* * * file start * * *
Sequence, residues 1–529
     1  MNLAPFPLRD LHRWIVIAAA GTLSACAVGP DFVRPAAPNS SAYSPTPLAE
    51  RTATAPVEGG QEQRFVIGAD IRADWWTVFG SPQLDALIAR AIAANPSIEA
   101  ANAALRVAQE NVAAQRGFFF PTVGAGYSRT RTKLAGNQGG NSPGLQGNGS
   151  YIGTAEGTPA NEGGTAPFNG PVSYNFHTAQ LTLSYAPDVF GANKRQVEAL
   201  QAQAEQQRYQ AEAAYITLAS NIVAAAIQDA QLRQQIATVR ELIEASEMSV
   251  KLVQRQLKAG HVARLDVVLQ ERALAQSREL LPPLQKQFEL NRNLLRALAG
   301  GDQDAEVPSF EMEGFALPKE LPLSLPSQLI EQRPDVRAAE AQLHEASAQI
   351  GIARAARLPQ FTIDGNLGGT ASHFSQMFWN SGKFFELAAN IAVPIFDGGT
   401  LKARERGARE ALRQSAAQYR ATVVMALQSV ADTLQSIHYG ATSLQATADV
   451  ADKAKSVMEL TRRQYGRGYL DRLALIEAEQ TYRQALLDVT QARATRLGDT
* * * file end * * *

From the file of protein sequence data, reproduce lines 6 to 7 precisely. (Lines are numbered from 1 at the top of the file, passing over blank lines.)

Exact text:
   201  QAQAEQQRYQ AEAAYITLAS NIVAAAIQDA QLRQQIATVR ELIEASEMSV
   251  KLVQRQLKAG HVARLDVVLQ ERALAQSREL LPPLQKQFEL NRNLLRALAG